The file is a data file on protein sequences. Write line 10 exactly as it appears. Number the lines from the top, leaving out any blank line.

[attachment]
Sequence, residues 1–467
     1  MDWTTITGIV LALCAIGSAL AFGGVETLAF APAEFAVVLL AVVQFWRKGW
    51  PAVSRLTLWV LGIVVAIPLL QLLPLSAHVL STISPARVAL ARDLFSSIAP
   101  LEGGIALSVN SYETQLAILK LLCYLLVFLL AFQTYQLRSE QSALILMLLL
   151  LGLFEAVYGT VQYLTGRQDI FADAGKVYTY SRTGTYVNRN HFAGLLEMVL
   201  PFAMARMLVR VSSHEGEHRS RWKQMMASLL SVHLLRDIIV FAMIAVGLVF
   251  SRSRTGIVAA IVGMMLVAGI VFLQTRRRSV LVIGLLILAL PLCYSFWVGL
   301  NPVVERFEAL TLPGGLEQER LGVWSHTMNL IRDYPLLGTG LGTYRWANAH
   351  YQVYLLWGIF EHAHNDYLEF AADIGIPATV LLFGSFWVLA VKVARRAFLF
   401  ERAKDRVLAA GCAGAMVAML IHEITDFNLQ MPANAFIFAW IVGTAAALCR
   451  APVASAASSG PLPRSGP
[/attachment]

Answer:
   401  ERAKDRVLAA GCAGAMVAML IHEITDFNLQ MPANAFIFAW IVGTAAALCR